My hosting provider, if applicable, is: N/A

I can login to a root shell on my machine (yes or no, or I don't know): Yes

I'm using a control panel to manage my site (no, or provide the name and version of the control panel): No

The version of my client is (e.g. output of certbot --version or certbot-auto --version if you're using Certbot): certbot 0.31.0


Note: I have truncated the above output from openssl because I'm not sure whether any of it should be treated as private. Happy to post the full output from that or other commands if it would help, but would appreciate advice on what if anything should be redacted before posting. Thanks.

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does this end here? It should look more like:

% openssl s_client -connect letsencrypt.org:443
CONNECTED(00000003)
depth=2 C = US, O = Internet Security Research Group, CN = ISRG Root X1
verify return:1
depth=1 C = US, O = Let's Encrypt, CN = R3
verify return:1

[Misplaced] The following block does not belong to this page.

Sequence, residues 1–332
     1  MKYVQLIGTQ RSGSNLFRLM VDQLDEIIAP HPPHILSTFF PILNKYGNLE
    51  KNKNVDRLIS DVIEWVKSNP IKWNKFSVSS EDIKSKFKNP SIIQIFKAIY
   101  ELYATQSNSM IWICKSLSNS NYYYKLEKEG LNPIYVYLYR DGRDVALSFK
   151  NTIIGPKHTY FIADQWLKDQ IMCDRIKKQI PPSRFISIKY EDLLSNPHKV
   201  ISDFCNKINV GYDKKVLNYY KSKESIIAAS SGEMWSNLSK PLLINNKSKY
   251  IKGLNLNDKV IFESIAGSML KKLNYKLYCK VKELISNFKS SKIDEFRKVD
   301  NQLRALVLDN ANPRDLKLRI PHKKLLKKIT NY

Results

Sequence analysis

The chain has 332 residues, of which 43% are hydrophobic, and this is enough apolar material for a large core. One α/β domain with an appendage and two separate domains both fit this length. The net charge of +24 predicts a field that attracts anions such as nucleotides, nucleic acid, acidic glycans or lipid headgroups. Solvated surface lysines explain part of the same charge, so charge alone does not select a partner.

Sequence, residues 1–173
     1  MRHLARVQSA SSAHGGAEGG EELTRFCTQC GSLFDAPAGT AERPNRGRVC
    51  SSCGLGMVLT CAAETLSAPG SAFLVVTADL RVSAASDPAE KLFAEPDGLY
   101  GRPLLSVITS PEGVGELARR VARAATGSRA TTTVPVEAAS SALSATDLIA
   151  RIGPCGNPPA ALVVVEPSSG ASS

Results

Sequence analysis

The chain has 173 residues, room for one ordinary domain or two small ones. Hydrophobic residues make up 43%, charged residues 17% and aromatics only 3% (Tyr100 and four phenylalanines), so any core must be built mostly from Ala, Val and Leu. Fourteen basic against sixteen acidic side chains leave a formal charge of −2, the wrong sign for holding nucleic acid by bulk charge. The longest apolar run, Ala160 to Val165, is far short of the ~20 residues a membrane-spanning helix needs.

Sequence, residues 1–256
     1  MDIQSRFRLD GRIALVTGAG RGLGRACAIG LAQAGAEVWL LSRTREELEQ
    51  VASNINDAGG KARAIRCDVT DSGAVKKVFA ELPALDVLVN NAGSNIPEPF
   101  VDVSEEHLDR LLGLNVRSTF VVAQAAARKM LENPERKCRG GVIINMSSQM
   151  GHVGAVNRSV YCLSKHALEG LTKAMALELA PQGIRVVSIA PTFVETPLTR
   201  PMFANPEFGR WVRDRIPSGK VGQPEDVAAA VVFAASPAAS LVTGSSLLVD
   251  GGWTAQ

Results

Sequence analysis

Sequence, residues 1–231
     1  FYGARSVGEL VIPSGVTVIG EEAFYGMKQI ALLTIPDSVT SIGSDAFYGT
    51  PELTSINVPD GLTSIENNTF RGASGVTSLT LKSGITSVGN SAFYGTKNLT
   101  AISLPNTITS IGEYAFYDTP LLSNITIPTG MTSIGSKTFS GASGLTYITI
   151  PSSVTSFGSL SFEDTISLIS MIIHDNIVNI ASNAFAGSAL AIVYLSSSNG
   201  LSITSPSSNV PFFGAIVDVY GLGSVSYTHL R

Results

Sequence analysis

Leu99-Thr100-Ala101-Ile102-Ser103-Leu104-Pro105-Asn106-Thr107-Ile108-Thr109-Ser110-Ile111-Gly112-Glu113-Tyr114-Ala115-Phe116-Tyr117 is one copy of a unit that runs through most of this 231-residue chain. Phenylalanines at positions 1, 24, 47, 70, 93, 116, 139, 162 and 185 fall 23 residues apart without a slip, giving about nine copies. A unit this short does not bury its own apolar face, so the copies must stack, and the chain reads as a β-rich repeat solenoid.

depth=0 CN = lencr.org
verify return:1
---
Certificate chain
 0 s:CN = lencr.org
   i:C = US, O = Let's Encrypt, CN = R3
 1 s:C = US, O = Let's Encrypt, CN = R3
   i:C = US, O = Internet Security Research Group, CN = ISRG Root X1
 2 s:C = US, O = Internet Security Research Group, CN = ISRG Root X1
   i:O = Digital Signature Trust Co., CN = DST Root CA X3
---
Server certificate
-----BEGIN CERTIFICATE-----
<<snip>>

what does your ssl_certificate_file directive say? it should point to fullchain.pem, not cert.pem

3 Likes

Yes, that's all there is before the first certificate block:

$ openssl s_client -connect omv.boxersoft.com:443
CONNECTED(00000003)
depth=0 CN = *.boxersoft.com
verify error:num=20:unable to get local issuer certificate
verify return:1
depth=0 CN = *.boxersoft.com
verify error:num=21:unable to verify the first certificate
verify return:1
---
Certificate chain
 0 s:CN = *.boxersoft.com
   i:C = US, O = Let's Encrypt, CN = R3
---
Server certificate